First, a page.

Yoga Nidra is one of the lesser known yogic practices of pratyahara, sense withdrawal. In this world, at the speed with which we live, we lose huge amounts of energy through overwhelming, continuous sensory stimulation, and even more through suppression of uncomfortable experiences and emotions. So much time and energy goes into struggling with thoughts and feelings. In fact, we think we’re awake and alert but we have many filters in place-all to allow us to receive huge amounts of information without feeling continuously overwhelmed.
Yoga nidra means “yogic sleep”, but instead of the state of dreaming or unconsciousness that we may associate with sleep, the sleep of yoga nidra is a state of heightened wakefulness, of great potentiality and greater consciousness. The deep physical relaxation that is induced in yoga nidra by closing down all senses except the sense of hearing allows the release of energy blocks- physical blocks that may be experienced as muscle tension, as well as the subtle emotional blocks that come as a result of unprocessed, suppressed or unwelcome emotions and experience. Once energy, prana, life force is free to move without resistance, by closing sensory losses, overtaxed tissues get their share of prana and can begin to heal.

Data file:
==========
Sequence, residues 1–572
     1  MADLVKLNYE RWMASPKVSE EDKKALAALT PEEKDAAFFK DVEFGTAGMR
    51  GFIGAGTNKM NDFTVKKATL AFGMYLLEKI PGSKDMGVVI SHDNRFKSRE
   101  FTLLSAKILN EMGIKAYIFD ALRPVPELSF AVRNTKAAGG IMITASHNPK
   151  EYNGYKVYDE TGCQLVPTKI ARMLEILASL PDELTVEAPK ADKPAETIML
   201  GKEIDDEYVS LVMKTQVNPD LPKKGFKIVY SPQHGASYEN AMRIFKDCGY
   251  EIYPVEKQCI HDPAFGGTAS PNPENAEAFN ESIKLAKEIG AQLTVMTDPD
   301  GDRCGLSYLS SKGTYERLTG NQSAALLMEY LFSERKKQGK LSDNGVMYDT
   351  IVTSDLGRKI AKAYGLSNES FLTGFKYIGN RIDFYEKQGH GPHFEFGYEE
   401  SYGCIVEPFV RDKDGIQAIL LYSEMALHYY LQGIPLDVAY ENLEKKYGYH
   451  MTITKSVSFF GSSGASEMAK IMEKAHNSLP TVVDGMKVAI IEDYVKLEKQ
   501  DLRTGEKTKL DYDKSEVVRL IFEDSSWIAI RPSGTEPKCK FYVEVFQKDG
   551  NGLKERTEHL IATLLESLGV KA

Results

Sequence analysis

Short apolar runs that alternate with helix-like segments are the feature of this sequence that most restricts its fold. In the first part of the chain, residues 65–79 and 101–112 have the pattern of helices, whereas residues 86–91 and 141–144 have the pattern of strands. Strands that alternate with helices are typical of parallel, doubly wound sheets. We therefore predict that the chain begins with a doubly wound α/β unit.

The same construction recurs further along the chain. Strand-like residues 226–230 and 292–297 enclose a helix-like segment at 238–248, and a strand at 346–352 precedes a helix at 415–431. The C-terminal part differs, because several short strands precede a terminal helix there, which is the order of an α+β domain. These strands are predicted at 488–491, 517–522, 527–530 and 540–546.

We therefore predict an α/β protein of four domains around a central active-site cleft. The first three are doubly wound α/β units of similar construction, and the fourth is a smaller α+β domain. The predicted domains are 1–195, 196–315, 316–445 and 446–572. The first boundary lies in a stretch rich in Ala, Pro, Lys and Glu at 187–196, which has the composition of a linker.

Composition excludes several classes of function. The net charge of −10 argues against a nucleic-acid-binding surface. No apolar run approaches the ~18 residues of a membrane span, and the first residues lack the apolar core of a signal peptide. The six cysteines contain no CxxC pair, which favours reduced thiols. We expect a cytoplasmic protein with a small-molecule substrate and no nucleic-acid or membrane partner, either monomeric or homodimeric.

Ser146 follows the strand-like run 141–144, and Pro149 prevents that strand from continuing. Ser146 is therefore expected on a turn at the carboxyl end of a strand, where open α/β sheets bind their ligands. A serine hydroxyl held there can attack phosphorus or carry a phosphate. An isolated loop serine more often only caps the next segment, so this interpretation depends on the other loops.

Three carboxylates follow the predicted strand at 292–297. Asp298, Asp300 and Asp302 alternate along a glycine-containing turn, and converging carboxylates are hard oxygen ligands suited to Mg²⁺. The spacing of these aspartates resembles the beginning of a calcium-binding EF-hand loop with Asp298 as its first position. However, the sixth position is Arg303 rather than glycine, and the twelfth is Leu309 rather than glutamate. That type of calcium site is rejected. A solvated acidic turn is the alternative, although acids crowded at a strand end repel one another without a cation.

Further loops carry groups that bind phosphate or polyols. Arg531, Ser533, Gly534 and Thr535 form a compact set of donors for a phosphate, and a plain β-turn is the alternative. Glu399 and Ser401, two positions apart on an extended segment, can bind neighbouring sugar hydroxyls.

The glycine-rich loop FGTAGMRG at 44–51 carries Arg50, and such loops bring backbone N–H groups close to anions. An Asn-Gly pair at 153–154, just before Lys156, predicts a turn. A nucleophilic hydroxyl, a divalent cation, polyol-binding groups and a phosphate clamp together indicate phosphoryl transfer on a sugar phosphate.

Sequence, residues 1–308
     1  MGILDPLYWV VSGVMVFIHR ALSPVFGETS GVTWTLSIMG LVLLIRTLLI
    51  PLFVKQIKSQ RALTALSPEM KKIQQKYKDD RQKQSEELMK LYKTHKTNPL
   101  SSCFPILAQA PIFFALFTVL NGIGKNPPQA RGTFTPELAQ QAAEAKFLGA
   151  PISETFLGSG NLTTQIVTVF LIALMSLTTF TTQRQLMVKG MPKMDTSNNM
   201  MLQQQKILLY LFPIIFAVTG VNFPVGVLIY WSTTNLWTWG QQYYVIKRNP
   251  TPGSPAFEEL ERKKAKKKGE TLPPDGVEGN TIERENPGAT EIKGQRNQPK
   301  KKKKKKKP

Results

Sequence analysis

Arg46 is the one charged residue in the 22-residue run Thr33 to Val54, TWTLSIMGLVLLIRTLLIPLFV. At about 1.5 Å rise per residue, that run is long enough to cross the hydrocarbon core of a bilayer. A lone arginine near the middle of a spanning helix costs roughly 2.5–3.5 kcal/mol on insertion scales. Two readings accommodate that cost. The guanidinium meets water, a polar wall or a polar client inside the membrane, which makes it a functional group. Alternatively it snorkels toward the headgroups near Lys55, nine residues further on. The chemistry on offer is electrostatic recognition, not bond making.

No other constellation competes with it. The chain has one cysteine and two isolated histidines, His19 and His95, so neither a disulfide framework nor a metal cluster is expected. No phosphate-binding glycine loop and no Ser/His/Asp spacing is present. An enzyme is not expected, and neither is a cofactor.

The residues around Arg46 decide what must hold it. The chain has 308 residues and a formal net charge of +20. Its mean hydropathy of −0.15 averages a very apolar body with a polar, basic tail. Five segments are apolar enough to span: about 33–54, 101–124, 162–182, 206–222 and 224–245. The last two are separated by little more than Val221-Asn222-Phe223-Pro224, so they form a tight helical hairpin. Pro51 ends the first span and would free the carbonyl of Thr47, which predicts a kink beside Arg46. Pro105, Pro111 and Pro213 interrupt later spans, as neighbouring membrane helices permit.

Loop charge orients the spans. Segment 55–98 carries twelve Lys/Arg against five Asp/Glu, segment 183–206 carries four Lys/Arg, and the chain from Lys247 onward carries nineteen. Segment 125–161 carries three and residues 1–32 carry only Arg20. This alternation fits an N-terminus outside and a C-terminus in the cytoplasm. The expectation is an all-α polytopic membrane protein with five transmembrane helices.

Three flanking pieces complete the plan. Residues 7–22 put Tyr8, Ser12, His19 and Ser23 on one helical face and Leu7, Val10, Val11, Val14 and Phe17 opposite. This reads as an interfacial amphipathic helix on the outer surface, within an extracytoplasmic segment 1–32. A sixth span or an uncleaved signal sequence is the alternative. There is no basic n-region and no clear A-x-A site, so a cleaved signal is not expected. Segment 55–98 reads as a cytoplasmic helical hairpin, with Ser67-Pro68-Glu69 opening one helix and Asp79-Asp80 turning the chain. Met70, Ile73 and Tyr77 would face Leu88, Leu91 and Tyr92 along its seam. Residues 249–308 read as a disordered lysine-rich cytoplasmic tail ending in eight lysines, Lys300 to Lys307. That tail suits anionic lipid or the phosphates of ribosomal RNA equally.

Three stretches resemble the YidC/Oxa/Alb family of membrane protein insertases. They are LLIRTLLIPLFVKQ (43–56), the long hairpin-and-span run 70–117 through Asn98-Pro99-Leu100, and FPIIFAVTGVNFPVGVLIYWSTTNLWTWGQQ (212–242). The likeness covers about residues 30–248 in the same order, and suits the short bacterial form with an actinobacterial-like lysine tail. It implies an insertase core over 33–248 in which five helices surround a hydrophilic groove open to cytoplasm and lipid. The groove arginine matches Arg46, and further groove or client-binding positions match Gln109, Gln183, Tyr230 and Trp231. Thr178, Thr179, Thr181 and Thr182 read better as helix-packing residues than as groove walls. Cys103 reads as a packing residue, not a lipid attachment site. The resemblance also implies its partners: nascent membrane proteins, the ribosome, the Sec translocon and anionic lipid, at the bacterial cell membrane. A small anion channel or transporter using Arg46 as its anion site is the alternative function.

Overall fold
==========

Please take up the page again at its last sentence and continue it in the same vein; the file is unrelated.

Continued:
Unremitting stress has many effects, not the least of which is suspending long term storage projects in the body. In a life threatening emergency, there is no need to digest food, reproduce or maintain immune surveillance. That, of course, is appropriate if there is a true emergency, but lately, we live with a “24/7, everything is an emergency” mindset! Prolonged shut down of long term projects can have a detrimental effect on all systems of the body, leading to diseases such as diabetes, infertility , and immune diseases such as adrenal fatigue, cancer and gastrointestinal dysfunction, to name a few. Yoga nidra resets the body’s innate energy balance by reprogramming the autonomic nervous system, restoring one to a state of inner harmony and good health.
In this practice, you will be guided to a state of deep physical relaxation, followed by guided imagery designed to help release any subconscious habits (samskaras) and muscular energy blocks that may be utilizing a lot of energy and guiding daily activities, causing an “under the radar”energy drain. The usual practice is 1 to 1.5 hours long, including preparation for the practice using breath and gentle yoga, then 40-50 minutes of guidance to a deep level of relaxation and restoration. Most people report feeling energized after the practice, which has the physiologic effect of 2-8 hours of restful sleep. Yoga nidra offers deep physical, emotional, mental, physiologic and metabolic rest-the perfect antidote for the way we live today!